Pomegranate is one of the oldest known fruits. It has been harvested for thousands of years around the Mediterranean basin.
A pomegranate weighs on average between 300 and 350g. The fruit is apple-shaped, initially green, turning orange-red as it ripens. Its garnet-pink pulp is juicy, sweet and slightly tart. Grenada is almost always eaten raw, but a few exceptions are possible.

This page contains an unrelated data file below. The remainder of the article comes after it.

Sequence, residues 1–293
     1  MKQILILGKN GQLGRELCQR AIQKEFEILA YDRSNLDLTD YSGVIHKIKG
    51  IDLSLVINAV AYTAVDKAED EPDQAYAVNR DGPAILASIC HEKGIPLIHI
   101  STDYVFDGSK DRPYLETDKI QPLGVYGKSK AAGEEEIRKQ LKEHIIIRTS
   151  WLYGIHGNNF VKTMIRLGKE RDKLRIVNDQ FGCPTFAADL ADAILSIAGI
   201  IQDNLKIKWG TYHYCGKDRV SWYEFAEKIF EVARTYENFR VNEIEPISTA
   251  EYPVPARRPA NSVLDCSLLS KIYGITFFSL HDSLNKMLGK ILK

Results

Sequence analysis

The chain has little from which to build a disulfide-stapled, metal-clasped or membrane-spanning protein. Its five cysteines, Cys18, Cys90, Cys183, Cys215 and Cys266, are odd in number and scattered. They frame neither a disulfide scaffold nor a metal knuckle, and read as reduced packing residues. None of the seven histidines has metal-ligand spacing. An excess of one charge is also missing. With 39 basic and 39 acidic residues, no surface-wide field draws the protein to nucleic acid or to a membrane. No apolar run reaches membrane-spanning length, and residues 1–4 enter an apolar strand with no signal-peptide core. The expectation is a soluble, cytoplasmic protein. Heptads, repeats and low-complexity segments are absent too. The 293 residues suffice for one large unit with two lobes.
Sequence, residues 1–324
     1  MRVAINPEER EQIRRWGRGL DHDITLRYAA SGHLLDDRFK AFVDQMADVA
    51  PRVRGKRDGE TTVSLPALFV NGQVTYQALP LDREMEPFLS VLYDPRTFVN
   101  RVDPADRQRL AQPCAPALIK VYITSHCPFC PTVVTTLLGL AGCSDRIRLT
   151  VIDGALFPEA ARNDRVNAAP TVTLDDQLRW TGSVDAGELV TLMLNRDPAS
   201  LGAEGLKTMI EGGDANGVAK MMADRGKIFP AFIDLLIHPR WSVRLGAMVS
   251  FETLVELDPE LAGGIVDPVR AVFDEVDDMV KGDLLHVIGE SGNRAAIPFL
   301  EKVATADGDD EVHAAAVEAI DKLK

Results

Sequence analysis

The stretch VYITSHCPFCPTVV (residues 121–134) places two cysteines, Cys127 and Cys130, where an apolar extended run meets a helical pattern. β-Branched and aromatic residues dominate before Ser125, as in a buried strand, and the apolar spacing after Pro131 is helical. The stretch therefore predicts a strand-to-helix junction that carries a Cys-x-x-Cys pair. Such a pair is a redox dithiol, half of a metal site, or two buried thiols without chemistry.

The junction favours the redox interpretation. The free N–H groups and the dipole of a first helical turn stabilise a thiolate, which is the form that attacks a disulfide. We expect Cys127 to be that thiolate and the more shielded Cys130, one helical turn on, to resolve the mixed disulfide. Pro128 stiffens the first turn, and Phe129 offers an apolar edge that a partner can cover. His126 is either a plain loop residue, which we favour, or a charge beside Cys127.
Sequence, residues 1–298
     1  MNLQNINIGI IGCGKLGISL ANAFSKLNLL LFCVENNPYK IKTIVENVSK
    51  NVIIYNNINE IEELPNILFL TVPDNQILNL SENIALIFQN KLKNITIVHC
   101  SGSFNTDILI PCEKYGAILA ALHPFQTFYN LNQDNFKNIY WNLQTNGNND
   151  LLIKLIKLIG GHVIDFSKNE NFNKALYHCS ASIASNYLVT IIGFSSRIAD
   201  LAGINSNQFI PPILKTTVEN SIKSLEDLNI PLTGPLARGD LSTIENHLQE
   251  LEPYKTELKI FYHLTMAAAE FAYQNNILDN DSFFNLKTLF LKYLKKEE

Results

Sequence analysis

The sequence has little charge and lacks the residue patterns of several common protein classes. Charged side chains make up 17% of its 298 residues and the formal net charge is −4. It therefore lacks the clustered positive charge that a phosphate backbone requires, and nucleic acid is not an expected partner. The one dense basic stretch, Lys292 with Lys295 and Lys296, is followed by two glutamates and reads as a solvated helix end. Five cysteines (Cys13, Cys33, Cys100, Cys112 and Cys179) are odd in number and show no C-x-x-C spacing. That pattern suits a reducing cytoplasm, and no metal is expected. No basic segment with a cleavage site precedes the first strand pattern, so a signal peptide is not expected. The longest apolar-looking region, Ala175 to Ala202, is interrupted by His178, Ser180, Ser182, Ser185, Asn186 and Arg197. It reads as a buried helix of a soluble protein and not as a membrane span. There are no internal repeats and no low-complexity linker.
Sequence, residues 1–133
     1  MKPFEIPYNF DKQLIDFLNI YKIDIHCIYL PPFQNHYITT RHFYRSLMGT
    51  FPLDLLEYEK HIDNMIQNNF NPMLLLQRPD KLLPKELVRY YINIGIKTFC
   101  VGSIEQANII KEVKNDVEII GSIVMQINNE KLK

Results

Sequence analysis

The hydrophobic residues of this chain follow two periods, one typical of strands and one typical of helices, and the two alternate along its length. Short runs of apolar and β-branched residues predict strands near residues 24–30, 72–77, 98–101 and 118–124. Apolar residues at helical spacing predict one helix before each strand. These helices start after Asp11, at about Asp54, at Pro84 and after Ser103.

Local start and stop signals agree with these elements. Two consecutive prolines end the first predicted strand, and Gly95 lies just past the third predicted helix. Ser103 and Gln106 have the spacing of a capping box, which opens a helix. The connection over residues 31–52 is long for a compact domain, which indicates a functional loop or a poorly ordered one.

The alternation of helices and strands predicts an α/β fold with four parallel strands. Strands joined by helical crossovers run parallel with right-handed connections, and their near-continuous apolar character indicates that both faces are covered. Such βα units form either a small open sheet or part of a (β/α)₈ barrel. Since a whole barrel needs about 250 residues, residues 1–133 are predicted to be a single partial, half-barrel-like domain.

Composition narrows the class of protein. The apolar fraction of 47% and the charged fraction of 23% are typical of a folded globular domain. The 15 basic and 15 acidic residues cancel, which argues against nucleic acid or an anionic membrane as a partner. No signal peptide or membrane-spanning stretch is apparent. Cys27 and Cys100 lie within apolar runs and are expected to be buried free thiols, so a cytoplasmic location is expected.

The Granada Mollar is by far the most popular variety, and it is one of the most cultivated in Spain. The most important characteristics of Pomegranate Mollar are: The size of the fruit, dark red in color and small and soft seeds, variety of better quality, of higher caliber and more productive than the other varieties of the Valenciennes group, which occupy second place in Spanish production.